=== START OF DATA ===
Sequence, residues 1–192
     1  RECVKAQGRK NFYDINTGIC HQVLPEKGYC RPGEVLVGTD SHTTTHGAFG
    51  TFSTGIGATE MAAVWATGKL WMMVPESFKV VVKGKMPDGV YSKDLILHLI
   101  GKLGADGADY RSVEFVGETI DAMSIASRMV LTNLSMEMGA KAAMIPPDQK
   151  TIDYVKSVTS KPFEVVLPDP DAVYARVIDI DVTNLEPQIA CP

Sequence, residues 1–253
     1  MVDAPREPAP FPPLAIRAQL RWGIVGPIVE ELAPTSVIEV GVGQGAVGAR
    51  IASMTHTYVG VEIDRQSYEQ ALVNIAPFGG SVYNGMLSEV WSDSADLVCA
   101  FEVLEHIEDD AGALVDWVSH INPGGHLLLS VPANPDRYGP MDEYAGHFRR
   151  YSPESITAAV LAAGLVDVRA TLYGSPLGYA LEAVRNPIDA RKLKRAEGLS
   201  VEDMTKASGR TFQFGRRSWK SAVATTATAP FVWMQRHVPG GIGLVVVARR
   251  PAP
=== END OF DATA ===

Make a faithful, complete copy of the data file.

Sequence, residues 1–192
     1  RECVKAQGRK NFYDINTGIC HQVLPEKGYC RPGEVLVGTD SHTTTHGAFG
    51  TFSTGIGATE MAAVWATGKL WMMVPESFKV VVKGKMPDGV YSKDLILHLI
   101  GKLGADGADY RSVEFVGETI DAMSIASRMV LTNLSMEMGA KAAMIPPDQK
   151  TIDYVKSVTS KPFEVVLPDP DAVYARVIDI DVTNLEPQIA CP

Sequence, residues 1–253
     1  MVDAPREPAP FPPLAIRAQL RWGIVGPIVE ELAPTSVIEV GVGQGAVGAR
    51  IASMTHTYVG VEIDRQSYEQ ALVNIAPFGG SVYNGMLSEV WSDSADLVCA
   101  FEVLEHIEDD AGALVDWVSH INPGGHLLLS VPANPDRYGP MDEYAGHFRR
   151  YSPESITAAV LAAGLVDVRA TLYGSPLGYA LEAVRNPIDA RKLKRAEGLS
   201  VEDMTKASGR TFQFGRRSWK SAVATTATAP FVWMQRHVPG GIGLVVVARR
   251  PAP